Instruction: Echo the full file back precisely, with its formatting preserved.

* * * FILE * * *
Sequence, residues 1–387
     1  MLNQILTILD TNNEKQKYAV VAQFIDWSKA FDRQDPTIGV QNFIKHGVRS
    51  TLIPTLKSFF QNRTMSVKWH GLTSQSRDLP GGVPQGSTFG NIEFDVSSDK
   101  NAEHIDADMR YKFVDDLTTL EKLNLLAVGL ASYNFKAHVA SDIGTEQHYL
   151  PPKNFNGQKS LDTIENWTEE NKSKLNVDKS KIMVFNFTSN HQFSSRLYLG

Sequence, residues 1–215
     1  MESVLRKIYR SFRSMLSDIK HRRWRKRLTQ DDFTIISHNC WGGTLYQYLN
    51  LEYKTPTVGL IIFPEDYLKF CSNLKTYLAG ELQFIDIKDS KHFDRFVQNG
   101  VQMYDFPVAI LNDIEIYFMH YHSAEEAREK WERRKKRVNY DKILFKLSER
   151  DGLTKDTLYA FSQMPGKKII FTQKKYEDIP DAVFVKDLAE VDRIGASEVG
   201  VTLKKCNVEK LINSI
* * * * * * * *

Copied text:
Sequence, residues 1–387
     1  MLNQILTILD TNNEKQKYAV VAQFIDWSKA FDRQDPTIGV QNFIKHGVRS
    51  TLIPTLKSFF QNRTMSVKWH GLTSQSRDLP GGVPQGSTFG NIEFDVSSDK
   101  NAEHIDADMR YKFVDDLTTL EKLNLLAVGL ASYNFKAHVA SDIGTEQHYL
   151  PPKNFNGQKS LDTIENWTEE NKSKLNVDKS KIMVFNFTSN HQFSSRLYLG

Sequence, residues 1–215
     1  MESVLRKIYR SFRSMLSDIK HRRWRKRLTQ DDFTIISHNC WGGTLYQYLN
    51  LEYKTPTVGL IIFPEDYLKF CSNLKTYLAG ELQFIDIKDS KHFDRFVQNG
   101  VQMYDFPVAI LNDIEIYFMH YHSAEEAREK WERRKKRVNY DKILFKLSER
   151  DGLTKDTLYA FSQMPGKKII FTQKKYEDIP DAVFVKDLAE VDRIGASEVG
   201  VTLKKCNVEK LINSI